Elon Musk clearly loves Texas. Sure, he may have decided against building his Gigafactory in the Lone Star state—instead planting his massive, $5 billion factory for Tesla car batteries (and the up to 22,000 jobs that come with it) in Reno. But if you’re down in Brownsville (or if you go to any number of bars or restaurants on South Padre Island with “Welcome SpaceX!” signs on their doors), you’ll notice that people can’t stop talking about the SpaceX launch facility heading to the Valley. And now, there’s also the Hyperloop.
Musk was in Austin on Thursday, speaking at the Capitol to reporters and some of the devoted fans who follow the zillionaire inventor’s every move, about his future plans. Primarily, those seem focused on lobbying the legislature to change laws that restrict him from selling his Tesla Motors vehicles directly to the public in Texas. Right now, if you visit a Tesla showroom here, staff is restricted from answering certain questions, like pricing. But you can order a car online from a computer in the building or make plans to go pick your new Tesla up in California and drive it back through the desert. But yesterday, Musk brought up his most ambitious invention, the hyperloop: a transportation system for humans using a pneumatic tube like the ones that suck up your checks at the bank drive-thru. It would allow for speeds more than twice as fast as the fastest trains, and 200mph faster than an airplane. In 2012, he had offered the plans to it for free, without a patent, to anyone who wanted it, but had expressed no intention to actually build the thing himself—until Thursday, when he suggested that a 5-mile test loop, traveling at speeds of up to 760 mph, might be built right here in Texas.
“In order to kind of help things along, we’re going to create a Hyperloop test track,” Musk told Texas Tribune CEO and Editor-in-Chief Evan Smith during an interview at the Texas Transportation Forum, an annual conference hosted by the Texas Department of Transportation. “Something that’s maybe on the order of a five-mile loop.” […]
During Thursday’s interview, Musk said the facility would be privately funded and not require the kind of incentives that his private space firm, SpaceX, received to develop a test facility in Texas.
“We’re not asking for any money from the state,” Musk said.
The idea for the test facility is apparently in the very early stages as Musk said that “it sounded good last night after a couple of drinks.” He explained that he envisioned the track as allowing for “teams of students” and companies interested in developing the Hyperloop concept to test out different pod systems.
A five-mile test track isn’t the same thing as a functional Hyperloop—the design is made for long distances, not short ones—but Musk would still be paying people to build the track, and presumably transportation nerds from around the world would travel to Texas to gawk at it, which wouldn’t hurt the local economy of wherever-it-is that he builds it.
The ultimate idea of the Hyperloop, of course, is that it can go really friggin’ fast—faster than a plane, faster than high-speed rail, faster than a magnetic-levitation train. (On a non-stop trip, it would be able to get you from Austin to Chicago in a little more than half the time it takes to do it on an airplane.) The vision for it is to cover long distances very quickly (the longer the trip, the more efficient Hyperloop becomes), which makes the five-mile version very much just a proof-of-concept. But the idea of a realistic Hyperloop system that could traverse the country isn’t as far-fetched as it sounds: There’s a group out of California of visionary, idealistic science homies that have recruited over 100 engineers, with some legit resources, to figure out how to make it a reality.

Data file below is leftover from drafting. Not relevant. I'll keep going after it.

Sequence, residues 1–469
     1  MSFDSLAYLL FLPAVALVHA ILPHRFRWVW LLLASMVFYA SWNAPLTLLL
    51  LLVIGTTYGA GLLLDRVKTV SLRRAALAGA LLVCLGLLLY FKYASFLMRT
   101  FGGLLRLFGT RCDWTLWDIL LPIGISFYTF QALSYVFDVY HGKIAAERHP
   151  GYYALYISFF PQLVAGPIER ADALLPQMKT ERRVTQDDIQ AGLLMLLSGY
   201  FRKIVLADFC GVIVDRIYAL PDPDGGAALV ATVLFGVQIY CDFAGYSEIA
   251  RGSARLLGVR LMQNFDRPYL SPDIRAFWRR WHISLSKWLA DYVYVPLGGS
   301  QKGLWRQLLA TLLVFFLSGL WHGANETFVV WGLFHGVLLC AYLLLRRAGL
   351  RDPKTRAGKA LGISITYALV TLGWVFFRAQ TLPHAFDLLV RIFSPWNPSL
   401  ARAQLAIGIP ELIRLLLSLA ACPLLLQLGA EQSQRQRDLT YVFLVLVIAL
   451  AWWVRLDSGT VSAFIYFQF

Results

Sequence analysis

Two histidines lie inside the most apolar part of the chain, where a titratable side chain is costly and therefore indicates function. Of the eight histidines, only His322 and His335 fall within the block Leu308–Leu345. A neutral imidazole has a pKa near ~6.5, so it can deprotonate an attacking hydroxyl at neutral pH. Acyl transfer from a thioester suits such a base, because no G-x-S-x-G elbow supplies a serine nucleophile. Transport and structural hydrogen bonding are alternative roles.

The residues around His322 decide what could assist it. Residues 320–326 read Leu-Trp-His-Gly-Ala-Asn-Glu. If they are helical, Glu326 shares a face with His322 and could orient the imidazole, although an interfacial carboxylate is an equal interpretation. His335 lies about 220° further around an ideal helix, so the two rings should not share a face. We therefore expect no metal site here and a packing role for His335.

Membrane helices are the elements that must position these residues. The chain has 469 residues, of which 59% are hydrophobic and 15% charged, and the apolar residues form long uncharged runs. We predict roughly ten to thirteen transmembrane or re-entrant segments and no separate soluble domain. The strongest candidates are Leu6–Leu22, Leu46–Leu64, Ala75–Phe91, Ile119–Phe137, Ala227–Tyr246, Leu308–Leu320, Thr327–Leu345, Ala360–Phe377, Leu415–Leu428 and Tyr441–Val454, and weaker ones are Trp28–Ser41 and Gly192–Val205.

That group—Hyperloop Transportation Technologies, Inc.—was looking to get started even before Musk announced his intentions to get involved in the Hyperloop business. And they have a pretty compelling argument for why they’re doing this:
The Hyper-Loop is an entirely new mode of transportation that eliminates all travel complications and objections due to cost, travel time and weather conditions!
Completely self sufficient, solar panels placed along the track produce excess amounts of the energy that is actually required to run the system.
The climate controlled capsule travels inside of a reinforced ‘tube’ pathway, rendering the Hyper-Loop weather independent and earth quake safe thanks to the use of pylons.
The construction costs are much lower than any existing, and yet proposed railway projects. It utilizes existing infrastructure thanks to the use of these pylons and has reduced land acquisition costs as well.
These reduced costs translate directly into cheaper ticket prices, therefore changing the way we travel and ultimately the way that we all get to live and enjoy our lives! With such affordable fares, an individual could easily live in one city and work in another. This is not only a solution for affordable housing and corporate commute, but will also boost personal and social lives as well as economical development.
It all sounds fairly utopian—and, who knows, Musk is an ambitious enough weirdo (he intends to die on Mars) that, if he’s getting involved, it could come to pass.
A sample map from HTT, Inc offers a glimpse of how it might work (L.A. to Houston in three stops! Austin to Chicago in five! Dallas to New York in seven!) and where it might go.
All of this is very, very, very tentative—Wired estimates that we’re at least a decade away from a functional Hyperloop, and that’s a best-case-scenario—but it all starts with a test track, which means that it all starts right here in Texas.